The Royal Bank of Scotland (RBS) seems to be running out of options to divest its retail banking division in India as its proposed deal with Hongkong and Shanghai Banking Corporation (HSBC) remains stuck in regulatory hurdles.
The deal, which was announced in July 2010, involved the sale of RBS’ retail branch network to HSBC for a premium of Rs 444 crore and was expected to be wrapped up by August 31, 2011 after necessary clearances from the Reserve Bank of India. The deadline was extended till October 31 but has not been extended further.
Last Friday, an internal email sent to the bank’s employees jointly by RBS’ country executive Meera Sanyal and John Shelly, CEO, retail and commercial markets for Asian region, said that the bank was looking at a contingency plan should the deal not go through.
“What it means for us is that we will also have to get into a discussion with HSBC on the possibility of extending the longstop date or looking at alternative method of divestment to HSBC or look at a possible contingency plan,” the mail read.
The mail did not detail the alternative plans.
However, an RBS source told Hindustan Times that the management has already finaliased a contingency plan without diving details. Analysts speculate that this could involve layoffs, or even closure of the business.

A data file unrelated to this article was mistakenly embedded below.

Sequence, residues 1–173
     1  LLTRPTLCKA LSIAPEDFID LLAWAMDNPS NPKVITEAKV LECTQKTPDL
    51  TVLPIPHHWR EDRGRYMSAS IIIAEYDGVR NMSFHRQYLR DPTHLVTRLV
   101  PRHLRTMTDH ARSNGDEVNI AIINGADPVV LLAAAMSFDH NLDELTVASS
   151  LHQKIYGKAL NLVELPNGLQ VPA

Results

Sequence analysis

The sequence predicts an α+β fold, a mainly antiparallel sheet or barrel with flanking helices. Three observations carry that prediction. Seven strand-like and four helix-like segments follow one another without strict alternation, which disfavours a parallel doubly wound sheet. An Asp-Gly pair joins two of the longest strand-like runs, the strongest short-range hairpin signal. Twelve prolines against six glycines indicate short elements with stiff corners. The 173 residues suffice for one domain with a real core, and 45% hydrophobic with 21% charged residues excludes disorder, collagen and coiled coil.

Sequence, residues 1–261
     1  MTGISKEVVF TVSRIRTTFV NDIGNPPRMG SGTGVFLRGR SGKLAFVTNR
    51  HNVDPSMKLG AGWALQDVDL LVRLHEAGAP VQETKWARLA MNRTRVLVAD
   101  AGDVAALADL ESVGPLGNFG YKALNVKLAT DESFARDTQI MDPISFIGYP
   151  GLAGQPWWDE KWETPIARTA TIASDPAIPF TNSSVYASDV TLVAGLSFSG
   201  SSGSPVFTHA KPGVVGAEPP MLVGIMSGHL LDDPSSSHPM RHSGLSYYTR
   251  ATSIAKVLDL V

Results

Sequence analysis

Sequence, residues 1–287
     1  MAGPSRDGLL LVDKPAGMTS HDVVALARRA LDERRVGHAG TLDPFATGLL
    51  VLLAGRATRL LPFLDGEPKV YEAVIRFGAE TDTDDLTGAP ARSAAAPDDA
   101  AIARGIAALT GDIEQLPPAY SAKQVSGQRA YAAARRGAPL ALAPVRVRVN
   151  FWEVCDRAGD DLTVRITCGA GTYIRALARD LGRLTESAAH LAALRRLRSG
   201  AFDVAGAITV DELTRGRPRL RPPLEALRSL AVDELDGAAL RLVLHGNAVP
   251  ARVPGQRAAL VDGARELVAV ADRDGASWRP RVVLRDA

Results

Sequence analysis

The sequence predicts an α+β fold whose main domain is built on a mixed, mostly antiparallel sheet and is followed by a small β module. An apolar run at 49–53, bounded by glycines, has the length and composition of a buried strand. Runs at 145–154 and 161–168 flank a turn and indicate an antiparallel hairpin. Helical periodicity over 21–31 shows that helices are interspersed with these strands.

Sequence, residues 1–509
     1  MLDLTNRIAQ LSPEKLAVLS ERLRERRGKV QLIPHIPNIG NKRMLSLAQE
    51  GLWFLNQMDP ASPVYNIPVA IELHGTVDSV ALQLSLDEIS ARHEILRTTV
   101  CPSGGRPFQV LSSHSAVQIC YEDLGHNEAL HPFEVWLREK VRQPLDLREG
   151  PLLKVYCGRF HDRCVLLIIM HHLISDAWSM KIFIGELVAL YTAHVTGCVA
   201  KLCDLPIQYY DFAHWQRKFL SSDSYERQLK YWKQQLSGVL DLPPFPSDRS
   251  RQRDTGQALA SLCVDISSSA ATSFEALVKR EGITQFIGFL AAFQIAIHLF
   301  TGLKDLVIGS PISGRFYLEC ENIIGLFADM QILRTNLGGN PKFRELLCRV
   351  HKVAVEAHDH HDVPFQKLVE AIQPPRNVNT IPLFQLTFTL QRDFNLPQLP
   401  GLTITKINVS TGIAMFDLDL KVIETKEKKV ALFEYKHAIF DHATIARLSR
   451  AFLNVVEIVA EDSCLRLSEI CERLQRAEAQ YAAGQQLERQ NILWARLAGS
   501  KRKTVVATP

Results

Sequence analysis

“RBI has posed some uncomfortable questions to both banks, regarding the gains from the deal and their HR plans, wherever there might be duplication of function,” said the source.
Sources in RBI said the central bank has asked both HSBC and RBS about the need for the deal, and is looking at aspects such as transferability of branch licences.
Both Sanyal and HSBC India country head Naina Lal Kidwai did not respond to text messages. However, a spokesperson for RBS said that the bank continues “to be in discussions with HSBC to complete the sale in a manner that satisfies regulatory requirements and is in the best interests of our customers and employees.” She, however, refused to confirm or deny the finalization of a contingency plan by the bank.
“It can look for any other player to sell its assets but no other foreign bank will step in for the deal now due to the delay in regulatory approval,” said Kajal Gandhi, banking analyst, ICICI Securities.